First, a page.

In fact, why would a Grauniad reader feel that it is offensive given their firm assertion that Bruce Jenner was a man and Caitlyn Jenner is most definitely a woman. If that statement is correct, what is inaccurate or offensive about the doors?

 

We screwed up. You pay.

We shouldn’t be surprised by this news, after all, the modern response to a political scandal is always to make the taxpayer suffer and never for the responsible to resign or be fired;

The Northern Territory government’s response to a Royal Commission’s damning findings on juvenile criminal custody is to throw more money at the problem.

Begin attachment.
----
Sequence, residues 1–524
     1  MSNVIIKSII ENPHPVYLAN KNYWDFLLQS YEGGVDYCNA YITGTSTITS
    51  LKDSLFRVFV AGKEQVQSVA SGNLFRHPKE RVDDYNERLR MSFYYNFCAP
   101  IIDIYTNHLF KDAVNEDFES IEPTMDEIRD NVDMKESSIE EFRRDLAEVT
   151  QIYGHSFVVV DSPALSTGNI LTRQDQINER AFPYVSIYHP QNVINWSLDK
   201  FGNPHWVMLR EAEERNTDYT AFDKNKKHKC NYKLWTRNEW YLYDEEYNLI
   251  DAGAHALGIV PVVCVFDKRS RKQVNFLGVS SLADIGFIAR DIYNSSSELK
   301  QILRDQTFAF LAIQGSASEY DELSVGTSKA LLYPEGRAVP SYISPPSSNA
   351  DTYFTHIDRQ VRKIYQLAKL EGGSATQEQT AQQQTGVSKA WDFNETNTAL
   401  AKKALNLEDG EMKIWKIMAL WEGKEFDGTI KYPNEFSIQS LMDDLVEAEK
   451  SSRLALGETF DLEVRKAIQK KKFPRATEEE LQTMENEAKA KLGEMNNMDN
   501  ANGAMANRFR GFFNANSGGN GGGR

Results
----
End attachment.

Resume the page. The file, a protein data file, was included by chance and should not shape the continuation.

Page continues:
Perhaps most galling for those few suckers taxpayers who are net contributors in the Northern Territory is that this recent splurge of their cash is being pitched as an “investment”.

If that noun were truthful, perhaps it’s not unreasonable for those taxpayers to ask what the return was for previous such “investments” and whether or not they were receiving value for money?

Let’s examine the “investment” claim a little further, what will they get this time?

The money is going to buy;

  • Upgrades to two existing detention centres ($71.4m)
  • An IT system ($66.9m)
  • “Improvements” to detention operations ($22.9m)
  • “Coordination hubs” ($11.4m)
  • “Support for kinship and foster carers” ($5.4m)

I bet the NT taxpayers must be so excited, like a year full of Christmas and birthday mornings have arrived at once…..

Speaking of taxpayers, how many net contributing taxpayers (i.e. those who put in more than they receive back in benefits, childcare vouchers, medicare, etc.) are there?